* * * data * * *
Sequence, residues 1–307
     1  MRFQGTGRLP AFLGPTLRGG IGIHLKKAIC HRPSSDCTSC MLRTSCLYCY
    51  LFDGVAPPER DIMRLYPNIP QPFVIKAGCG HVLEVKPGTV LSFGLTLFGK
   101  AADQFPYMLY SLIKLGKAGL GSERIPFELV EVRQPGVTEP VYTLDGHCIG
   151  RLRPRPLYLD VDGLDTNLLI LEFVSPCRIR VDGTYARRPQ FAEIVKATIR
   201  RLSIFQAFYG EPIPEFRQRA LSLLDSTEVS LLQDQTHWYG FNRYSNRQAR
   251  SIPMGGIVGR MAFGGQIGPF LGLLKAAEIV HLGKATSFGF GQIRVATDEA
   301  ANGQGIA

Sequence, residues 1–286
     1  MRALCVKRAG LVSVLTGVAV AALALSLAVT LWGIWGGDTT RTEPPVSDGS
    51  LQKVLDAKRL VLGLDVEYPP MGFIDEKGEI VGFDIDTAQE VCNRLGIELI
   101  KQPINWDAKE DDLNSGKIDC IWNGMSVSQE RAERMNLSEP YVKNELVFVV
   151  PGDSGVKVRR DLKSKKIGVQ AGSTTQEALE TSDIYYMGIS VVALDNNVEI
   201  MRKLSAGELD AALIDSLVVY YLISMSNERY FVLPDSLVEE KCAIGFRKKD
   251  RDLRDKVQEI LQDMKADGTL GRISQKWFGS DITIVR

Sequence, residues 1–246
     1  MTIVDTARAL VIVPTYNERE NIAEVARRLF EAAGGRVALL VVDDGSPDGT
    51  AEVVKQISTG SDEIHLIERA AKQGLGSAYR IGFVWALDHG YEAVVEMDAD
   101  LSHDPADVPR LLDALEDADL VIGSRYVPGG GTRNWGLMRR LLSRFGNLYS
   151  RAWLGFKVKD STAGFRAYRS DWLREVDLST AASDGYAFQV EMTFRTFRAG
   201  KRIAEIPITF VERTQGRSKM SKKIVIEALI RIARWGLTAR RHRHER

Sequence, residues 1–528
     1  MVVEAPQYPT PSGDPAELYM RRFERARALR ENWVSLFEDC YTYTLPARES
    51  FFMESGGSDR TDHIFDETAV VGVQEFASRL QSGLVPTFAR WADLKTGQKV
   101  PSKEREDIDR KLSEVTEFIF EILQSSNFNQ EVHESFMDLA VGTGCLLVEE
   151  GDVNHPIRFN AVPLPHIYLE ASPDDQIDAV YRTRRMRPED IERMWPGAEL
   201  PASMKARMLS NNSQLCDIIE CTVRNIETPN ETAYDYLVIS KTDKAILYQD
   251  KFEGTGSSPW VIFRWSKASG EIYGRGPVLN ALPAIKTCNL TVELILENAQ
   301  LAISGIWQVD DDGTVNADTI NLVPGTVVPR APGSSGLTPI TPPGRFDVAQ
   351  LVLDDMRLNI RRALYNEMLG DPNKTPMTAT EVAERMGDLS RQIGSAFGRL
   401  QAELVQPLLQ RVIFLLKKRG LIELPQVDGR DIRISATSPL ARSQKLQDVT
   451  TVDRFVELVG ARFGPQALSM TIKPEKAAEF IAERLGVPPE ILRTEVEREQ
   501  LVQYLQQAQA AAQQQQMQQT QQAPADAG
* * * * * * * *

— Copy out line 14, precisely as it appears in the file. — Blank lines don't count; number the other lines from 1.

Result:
   201  MRKLSAGELD AALIDSLVVY YLISMSNERY FVLPDSLVEE KCAIGFRKKD